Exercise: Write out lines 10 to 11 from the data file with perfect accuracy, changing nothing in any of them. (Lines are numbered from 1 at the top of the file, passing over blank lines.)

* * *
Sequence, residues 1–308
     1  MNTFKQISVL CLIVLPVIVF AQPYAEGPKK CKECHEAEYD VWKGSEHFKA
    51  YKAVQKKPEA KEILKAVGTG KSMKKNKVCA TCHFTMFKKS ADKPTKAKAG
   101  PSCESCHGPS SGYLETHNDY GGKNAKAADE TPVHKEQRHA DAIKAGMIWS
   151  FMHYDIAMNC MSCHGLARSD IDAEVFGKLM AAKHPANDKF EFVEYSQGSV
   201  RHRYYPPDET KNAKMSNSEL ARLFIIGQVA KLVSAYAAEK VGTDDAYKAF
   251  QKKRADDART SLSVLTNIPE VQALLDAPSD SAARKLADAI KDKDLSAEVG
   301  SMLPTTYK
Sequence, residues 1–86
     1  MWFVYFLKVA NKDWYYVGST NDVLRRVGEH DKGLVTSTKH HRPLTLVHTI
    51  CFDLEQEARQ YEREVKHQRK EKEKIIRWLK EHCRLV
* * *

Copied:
     1  MWFVYFLKVA NKDWYYVGST NDVLRRVGEH DKGLVTSTKH HRPLTLVHTI
    51  CFDLEQEARQ YEREVKHQRK EKEKIIRWLK EHCRLV